Tacking a few extra cents onto sugary drinks like Coke and Pepsi could significantly reduce how much Americans drink.
A new study published in the American Journal of Agricultural Economics found that adding a tax of 0.04 cents per calorie of sugar on drinks — the equivalent of nearly 6 cents for a 12 ounce can soda — would drive Americans to drink 5,800 calories less in sweet drinks each year. That reduction is roughly two days worth of the recommended number of calories.
By analyzing supermarket data in New York, researchers were able to compare the impact of an ounce-based tax and a calorie-based tax. They found the calorie-based tax would be superior, since it's a more precise measure of the amount of sugar in drinks. But such a measure could be more difficult to implement in practice because it involves a more sophisticated target.
The tax, of course, doesn't mean Americans will drop their tasty drinks altogether: researchers found that the average person buys more than 21,000 in calories of such drinks each year, and the 5,800 reduction is about one-fourth of that. But it could push Americans to wean themselves off more sugary drinks, like Coke, and instead take up healthier sweet drinks that would be exempted from the tax, like 100-percent fruit juice.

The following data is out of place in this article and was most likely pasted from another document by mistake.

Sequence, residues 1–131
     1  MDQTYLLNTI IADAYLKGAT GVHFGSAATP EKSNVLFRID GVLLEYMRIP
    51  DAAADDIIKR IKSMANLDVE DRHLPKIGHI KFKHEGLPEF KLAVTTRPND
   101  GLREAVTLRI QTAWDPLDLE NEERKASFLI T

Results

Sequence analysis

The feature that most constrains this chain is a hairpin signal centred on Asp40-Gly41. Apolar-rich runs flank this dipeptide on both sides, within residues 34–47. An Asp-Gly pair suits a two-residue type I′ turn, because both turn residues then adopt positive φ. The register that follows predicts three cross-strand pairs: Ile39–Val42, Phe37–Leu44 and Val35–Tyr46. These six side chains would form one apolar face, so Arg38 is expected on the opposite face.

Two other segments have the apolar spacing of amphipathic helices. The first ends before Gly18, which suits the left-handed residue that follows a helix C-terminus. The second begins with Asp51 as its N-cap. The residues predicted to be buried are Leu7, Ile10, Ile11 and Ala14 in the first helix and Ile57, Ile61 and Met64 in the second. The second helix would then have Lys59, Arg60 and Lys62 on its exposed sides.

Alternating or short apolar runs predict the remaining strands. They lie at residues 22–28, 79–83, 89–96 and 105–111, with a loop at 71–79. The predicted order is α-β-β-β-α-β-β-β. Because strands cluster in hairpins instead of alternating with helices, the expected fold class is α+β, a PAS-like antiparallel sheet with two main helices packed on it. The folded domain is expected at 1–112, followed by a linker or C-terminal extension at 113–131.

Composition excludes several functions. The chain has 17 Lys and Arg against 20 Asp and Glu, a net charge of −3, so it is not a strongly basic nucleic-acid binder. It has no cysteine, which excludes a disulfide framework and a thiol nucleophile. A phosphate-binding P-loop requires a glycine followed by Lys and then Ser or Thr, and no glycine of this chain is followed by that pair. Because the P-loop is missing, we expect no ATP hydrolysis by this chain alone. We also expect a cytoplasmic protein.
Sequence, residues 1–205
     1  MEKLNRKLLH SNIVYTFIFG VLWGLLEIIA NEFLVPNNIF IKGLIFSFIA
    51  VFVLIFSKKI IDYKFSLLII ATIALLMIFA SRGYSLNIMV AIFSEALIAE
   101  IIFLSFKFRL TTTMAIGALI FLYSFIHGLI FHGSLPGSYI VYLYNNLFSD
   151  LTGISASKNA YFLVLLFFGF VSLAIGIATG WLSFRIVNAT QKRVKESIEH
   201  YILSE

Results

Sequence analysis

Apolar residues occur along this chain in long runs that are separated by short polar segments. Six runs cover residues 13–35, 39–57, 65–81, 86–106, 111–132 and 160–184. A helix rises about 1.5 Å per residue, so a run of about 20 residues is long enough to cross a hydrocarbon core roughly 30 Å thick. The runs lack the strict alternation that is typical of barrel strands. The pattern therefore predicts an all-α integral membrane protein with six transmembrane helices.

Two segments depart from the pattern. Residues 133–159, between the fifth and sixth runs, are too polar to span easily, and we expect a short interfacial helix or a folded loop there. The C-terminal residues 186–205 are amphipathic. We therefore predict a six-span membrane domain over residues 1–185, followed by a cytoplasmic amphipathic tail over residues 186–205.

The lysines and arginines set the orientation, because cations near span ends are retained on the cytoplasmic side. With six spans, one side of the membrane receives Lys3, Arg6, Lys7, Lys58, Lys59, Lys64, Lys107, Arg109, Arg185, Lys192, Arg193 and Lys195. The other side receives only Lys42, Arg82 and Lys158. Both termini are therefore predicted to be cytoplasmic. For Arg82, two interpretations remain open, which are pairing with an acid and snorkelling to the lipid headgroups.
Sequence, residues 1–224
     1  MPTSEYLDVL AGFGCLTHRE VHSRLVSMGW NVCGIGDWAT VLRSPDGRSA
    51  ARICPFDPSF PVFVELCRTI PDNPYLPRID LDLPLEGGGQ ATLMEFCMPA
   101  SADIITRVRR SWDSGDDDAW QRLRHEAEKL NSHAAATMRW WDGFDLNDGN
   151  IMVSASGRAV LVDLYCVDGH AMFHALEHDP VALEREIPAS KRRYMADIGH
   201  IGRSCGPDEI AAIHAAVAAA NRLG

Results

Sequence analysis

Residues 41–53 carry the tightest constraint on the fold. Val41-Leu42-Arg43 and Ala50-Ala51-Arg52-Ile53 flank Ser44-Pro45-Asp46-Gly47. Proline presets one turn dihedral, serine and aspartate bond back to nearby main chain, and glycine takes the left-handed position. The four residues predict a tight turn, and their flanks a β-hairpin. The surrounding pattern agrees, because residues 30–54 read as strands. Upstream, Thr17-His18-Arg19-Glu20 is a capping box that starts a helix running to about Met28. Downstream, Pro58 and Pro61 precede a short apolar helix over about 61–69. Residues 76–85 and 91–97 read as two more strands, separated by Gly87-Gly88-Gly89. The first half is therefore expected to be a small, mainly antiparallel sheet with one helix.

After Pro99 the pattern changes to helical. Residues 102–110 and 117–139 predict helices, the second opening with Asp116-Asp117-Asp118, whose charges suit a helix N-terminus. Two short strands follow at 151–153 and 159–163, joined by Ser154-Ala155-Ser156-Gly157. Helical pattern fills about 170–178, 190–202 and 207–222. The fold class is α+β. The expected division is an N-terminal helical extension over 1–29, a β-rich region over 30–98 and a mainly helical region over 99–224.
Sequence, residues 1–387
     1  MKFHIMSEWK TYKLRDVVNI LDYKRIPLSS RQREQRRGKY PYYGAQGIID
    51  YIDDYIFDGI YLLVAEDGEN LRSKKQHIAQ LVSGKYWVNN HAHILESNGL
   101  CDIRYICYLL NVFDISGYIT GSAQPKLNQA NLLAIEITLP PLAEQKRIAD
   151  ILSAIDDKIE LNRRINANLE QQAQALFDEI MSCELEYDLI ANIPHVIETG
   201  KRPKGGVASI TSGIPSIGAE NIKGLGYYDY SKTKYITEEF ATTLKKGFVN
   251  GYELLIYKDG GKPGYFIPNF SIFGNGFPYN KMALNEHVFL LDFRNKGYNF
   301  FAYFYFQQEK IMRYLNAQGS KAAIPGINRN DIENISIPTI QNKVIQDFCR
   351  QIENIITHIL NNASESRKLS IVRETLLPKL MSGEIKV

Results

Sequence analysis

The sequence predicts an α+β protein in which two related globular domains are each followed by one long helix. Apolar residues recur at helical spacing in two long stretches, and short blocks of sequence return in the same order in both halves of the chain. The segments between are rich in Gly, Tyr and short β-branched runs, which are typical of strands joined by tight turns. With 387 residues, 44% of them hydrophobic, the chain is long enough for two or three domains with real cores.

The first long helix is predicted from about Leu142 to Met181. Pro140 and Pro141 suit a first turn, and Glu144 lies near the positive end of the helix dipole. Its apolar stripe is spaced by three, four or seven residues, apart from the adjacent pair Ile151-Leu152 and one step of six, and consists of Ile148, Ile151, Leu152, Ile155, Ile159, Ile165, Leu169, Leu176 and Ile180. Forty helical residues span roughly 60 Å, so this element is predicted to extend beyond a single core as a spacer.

Still, there's a lot of room to question the political feasibility of such a tax. Although an abundance of sugar is one of the leading causes of America's obesity and health problems, measures restraining consumers' intake of sugar tend to be very unpopular. In New York City, former Mayor Michael Bloomberg's attempts to ban supersize versions of sodas have been met with public scorn and even legal challenges.
Health experts are so concerned with the problem that some are even calling for taxing and regulating sugar like a drug. That might seem like an overreaction to many Americans, but pediatric endocrinologist Robert Lustig argued in a previous interview that it's a necessary step due to sugar's saturation in food products and addictiveness. He claimed the idea could be sold to the public if the revenue was attached to the right policy, like, say, a significant subsidy on healthier foods.
"Sugar is the alcohol of a child," Lustig said. "You would never let a child drink a can of Budweiser, but you would never think twice about a can of Coke. Yet what it does to the liver, what it does to the arteries, what it does to the heart is all the same. And that's why we have adolescents with type 2 diabetes."